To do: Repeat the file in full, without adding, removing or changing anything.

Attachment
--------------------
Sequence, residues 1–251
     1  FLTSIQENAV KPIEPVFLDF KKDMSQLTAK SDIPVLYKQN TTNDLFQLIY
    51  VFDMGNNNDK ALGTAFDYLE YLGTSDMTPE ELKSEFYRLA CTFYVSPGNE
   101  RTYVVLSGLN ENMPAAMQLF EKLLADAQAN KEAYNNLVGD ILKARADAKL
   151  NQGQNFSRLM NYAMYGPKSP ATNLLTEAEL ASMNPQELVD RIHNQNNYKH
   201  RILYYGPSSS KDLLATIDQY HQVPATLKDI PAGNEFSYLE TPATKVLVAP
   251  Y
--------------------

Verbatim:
Sequence, residues 1–251
     1  FLTSIQENAV KPIEPVFLDF KKDMSQLTAK SDIPVLYKQN TTNDLFQLIY
    51  VFDMGNNNDK ALGTAFDYLE YLGTSDMTPE ELKSEFYRLA CTFYVSPGNE
   101  RTYVVLSGLN ENMPAAMQLF EKLLADAQAN KEAYNNLVGD ILKARADAKL
   151  NQGQNFSRLM NYAMYGPKSP ATNLLTEAEL ASMNPQELVD RIHNQNNYKH
   201  RILYYGPSSS KDLLATIDQY HQVPATLKDI PAGNEFSYLE TPATKVLVAP
   251  Y